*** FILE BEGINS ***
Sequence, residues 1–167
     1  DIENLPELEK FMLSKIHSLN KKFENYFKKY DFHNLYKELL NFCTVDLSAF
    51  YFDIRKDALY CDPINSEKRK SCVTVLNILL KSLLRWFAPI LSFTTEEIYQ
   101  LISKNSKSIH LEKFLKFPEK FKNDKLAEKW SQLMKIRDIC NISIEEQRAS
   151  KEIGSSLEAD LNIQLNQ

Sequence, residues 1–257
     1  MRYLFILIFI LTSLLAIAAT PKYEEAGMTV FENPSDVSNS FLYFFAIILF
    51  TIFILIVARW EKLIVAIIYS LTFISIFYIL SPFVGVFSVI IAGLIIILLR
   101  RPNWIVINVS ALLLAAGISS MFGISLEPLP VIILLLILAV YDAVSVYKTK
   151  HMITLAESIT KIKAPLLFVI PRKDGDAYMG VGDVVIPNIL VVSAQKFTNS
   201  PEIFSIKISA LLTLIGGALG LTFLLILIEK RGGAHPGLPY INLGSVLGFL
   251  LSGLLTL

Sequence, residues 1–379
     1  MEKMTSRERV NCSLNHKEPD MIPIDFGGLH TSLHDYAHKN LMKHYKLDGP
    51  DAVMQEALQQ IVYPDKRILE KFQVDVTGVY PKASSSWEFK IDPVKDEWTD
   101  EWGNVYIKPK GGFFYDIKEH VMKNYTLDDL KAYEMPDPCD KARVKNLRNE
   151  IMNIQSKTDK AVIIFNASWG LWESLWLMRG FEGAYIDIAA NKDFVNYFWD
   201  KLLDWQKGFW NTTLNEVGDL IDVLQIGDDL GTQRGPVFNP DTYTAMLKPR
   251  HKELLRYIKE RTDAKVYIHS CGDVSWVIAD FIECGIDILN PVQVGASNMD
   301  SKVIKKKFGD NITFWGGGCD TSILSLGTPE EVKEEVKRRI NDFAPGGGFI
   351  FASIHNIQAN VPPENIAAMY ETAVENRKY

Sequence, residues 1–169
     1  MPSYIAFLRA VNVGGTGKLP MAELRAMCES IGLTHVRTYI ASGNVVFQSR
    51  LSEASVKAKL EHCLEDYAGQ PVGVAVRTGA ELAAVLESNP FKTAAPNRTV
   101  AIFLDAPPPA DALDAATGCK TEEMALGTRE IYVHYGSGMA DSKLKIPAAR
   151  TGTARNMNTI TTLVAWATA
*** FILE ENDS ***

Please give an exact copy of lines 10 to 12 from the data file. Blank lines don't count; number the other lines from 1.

   151  HMITLAESIT KIKAPLLFVI PRKDGDAYMG VGDVVIPNIL VVSAQKFTNS
   201  PEIFSIKISA LLTLIGGALG LTFLLILIEK RGGAHPGLPY INLGSVLGFL
   251  LSGLLTL